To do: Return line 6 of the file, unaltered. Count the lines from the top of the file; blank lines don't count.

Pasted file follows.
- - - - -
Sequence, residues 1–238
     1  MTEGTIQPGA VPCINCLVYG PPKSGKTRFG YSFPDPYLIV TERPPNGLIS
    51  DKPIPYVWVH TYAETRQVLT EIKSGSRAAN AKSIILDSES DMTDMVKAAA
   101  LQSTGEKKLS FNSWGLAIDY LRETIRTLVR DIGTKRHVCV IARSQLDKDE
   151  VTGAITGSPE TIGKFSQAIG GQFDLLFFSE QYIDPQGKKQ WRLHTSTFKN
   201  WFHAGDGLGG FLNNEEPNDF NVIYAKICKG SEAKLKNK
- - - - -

   201  WFHAGDGLGG FLNNEEPNDF NVIYAKICKG SEAKLKNK